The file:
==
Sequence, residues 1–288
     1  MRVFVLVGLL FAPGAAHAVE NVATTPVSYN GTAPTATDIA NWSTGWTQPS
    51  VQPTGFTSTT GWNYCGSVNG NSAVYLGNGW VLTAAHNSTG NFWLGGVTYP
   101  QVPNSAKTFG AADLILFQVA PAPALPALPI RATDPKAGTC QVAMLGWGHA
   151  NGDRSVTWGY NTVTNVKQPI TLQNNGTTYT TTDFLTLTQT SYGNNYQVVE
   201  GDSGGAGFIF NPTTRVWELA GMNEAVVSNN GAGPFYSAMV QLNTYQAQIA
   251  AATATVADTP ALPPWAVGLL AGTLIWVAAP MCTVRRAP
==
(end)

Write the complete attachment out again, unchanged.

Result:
Sequence, residues 1–288
     1  MRVFVLVGLL FAPGAAHAVE NVATTPVSYN GTAPTATDIA NWSTGWTQPS
    51  VQPTGFTSTT GWNYCGSVNG NSAVYLGNGW VLTAAHNSTG NFWLGGVTYP
   101  QVPNSAKTFG AADLILFQVA PAPALPALPI RATDPKAGTC QVAMLGWGHA
   151  NGDRSVTWGY NTVTNVKQPI TLQNNGTTYT TTDFLTLTQT SYGNNYQVVE
   201  GDSGGAGFIF NPTTRVWELA GMNEAVVSNN GAGPFYSAMV QLNTYQAQIA
   251  AATATVADTP ALPPWAVGLL AGTLIWVAAP MCTVRRAP